First, Jefferson was no atheist.  In fact, he regularly made an argument for God that today we would call an appeal to “intelligent design.”  Here is how Jefferson put it in an 1823 letter to John Adams:

“When we take a view of the Universe, in its parts general or particular, it is impossible for the human mind not to perceive and feel a conviction of design, consummate skill, and indefinite power in every atom of its composition. . . . So irresistible are these evidences of an intelligent and powerful Agent that, of the infinite numbers of men who have existed thro’ all time, they have believed, in the proportion of a million at least to Unit, in the hypothesis of an eternal pre-existence of a creator, rather than in that of a self-existent Universe.”

Jefferson also welcomed the contribution that religious belief might make in promoting virtue among the American people.  Jefferson, like almost all of the Founders, took for granted that a free society could not survive without virtue, and that virtue was unlikely to thrive in the absence of religious conviction.  Or as Jefferson expressed the point in his book Notes on the State of Virginia:

“Can the liberties of a nation be thought secure when we have removed their only firm basis, a conviction in the minds of the people that these liberties are the gift of God?”

Jefferson sat for this portrait by Charles Willson Peale in 1791

Jefferson sat for this portrait by Charles Willson Peale in 1791

Jefferson praised the civic utility of religion publicly in his first inaugural address in 1801.  In a lengthy paragraph listing the country’s peculiar “blessings,” the new president described the American people as

“enlightened by a benign religion, professed, indeed, and practiced in various forms, yet all of them inculcating honesty, truth, temperance, gratitude, and the love of man.”

He want on to observe that his fellow countrymen “acknowledge and adore an overruling Providence, which by all its dispensations proves that it delights in the happiness of man here and his greater happiness hereafter.”

And yet there was another side to Jefferson’s perspective on religion.  While he admired a “rational” religion that promoted good works and civic virtue, he was contemptuous of much of orthodox Christianity as just so much superstition.  In private correspondence, he referred to evangelical religion with a sneer, as in this 1822 letter to Thomas Cooper, a Unitarian professor that Jefferson was trying to lure to the newly-founded University of Virginia:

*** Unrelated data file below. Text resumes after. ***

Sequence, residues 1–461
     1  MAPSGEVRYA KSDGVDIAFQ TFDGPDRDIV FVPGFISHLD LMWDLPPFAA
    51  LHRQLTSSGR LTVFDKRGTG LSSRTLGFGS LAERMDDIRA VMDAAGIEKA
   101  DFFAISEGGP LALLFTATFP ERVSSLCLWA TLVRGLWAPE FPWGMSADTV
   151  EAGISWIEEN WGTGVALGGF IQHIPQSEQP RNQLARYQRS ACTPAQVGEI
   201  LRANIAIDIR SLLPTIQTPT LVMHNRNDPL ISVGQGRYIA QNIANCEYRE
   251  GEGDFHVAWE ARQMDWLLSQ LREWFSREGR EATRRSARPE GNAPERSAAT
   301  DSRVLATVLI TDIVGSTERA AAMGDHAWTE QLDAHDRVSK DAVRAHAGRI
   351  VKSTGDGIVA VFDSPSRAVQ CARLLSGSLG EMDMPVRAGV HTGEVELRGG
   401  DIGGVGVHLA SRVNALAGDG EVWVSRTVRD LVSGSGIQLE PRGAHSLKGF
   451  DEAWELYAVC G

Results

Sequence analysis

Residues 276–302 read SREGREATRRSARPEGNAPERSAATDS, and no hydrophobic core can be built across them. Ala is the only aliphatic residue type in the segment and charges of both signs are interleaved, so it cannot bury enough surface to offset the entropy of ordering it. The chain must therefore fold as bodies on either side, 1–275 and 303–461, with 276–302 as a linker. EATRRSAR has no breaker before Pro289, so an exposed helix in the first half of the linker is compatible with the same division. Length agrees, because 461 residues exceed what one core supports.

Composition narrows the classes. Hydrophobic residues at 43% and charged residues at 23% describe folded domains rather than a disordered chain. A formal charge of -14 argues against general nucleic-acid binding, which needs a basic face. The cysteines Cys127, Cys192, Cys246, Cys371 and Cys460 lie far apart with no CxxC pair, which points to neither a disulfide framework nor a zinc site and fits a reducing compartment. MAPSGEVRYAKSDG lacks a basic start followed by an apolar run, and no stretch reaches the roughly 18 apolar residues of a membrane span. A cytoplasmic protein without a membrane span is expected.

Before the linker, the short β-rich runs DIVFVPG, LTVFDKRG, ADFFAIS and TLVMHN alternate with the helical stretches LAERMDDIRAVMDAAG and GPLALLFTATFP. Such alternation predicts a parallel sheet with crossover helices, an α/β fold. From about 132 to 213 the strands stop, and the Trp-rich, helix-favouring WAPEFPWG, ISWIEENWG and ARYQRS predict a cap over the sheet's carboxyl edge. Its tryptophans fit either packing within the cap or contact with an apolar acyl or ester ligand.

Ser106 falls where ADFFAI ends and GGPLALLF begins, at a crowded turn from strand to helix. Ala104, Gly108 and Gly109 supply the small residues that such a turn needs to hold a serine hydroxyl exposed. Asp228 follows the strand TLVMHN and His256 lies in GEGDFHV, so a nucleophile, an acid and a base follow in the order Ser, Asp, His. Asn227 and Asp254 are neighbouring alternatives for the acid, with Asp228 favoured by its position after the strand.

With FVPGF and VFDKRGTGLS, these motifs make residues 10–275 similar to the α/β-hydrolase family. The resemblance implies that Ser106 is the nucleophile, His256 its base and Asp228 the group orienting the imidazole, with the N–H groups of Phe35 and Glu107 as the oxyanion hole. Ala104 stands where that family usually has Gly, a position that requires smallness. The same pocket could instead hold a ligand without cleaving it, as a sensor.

“In our Richmond there is much fanaticism, but chiefly among the women: they have their night meetings, and praying-parties, where attended by their priests, and sometimes a hen-pecked husband, they pour forth the effusions of their love to Jesus in terms as amatory and carnal as their modesty would permit them to use to a more earthly lover.”

Jefferson’s skepticism of the Bible is also well established, notwithstanding David Barton’s tortured efforts to prove otherwise.  In The Jefferson Lies, Barton insisted that Jefferson wholly accepted the gospels while suspecting the reliability of Paul’s epistles, but in reality Jefferson believed that a great deal of the gospels were invention.  As he summarized in an 1820 letter to William Short,

“We find in the writings of his [Jesus’] biographers matter of two distinct descriptions. first a ground work of vulgar ignorance, of things impossible, of superstitions, fanaticisms, & fabrications. intermixed with these again are sublime ideas of the supreme being, aphorisms and precepts of the purest morality & benevolence, sanctioned by a life of humility, innocence, and simplicity of manners, neglect of riches, absence of worldly ambition & honors, with an eloquence and persuasiveness which have not been surpassed.”

Jefferson could easily distinguish between these two categories by subjecting them to the test of reason.  “Your reason is the only oracle given you by heaven” for discerning truth, Jefferson famously counseled his teenaged nephew in 1787.  A great deal of the gospels were unreasonable (the virgin birth, miracles, and the resurrection, for example), so these had to be discarded.  Perhaps the greatest irrationality of all, however, was the concept of the Trinity.  As he wrote to James Smith:

“[The] paradox that one is three, and three but one is so incomprehensible to the human mind that no candid man can say he has any idea of it, and how can he believe what presents no idea? He who thinks he does, deceives himself. He proves also that man, once surrendering his reason, has no remaining guard against absurdities the most monstrous, and like a ship without rudder is the sport of every wind. With such persons gullibility, which they call faith, takes the helm from the hand of reason and the mind becomes a wreck.”

In sum, the primary author of the Declaration of Independence was no atheist, nor was he committed to a wholly secular public sphere, but neither did he believe that Jesus was the Christ.   So where does this leave us?  Somewhere, I think, between comfortable but false extremes.

WHY THOMAS JEFFERSON WOULD HAVE CONDEMNED THE SUPER BOWL . . . AND SUPPORTED THE NRA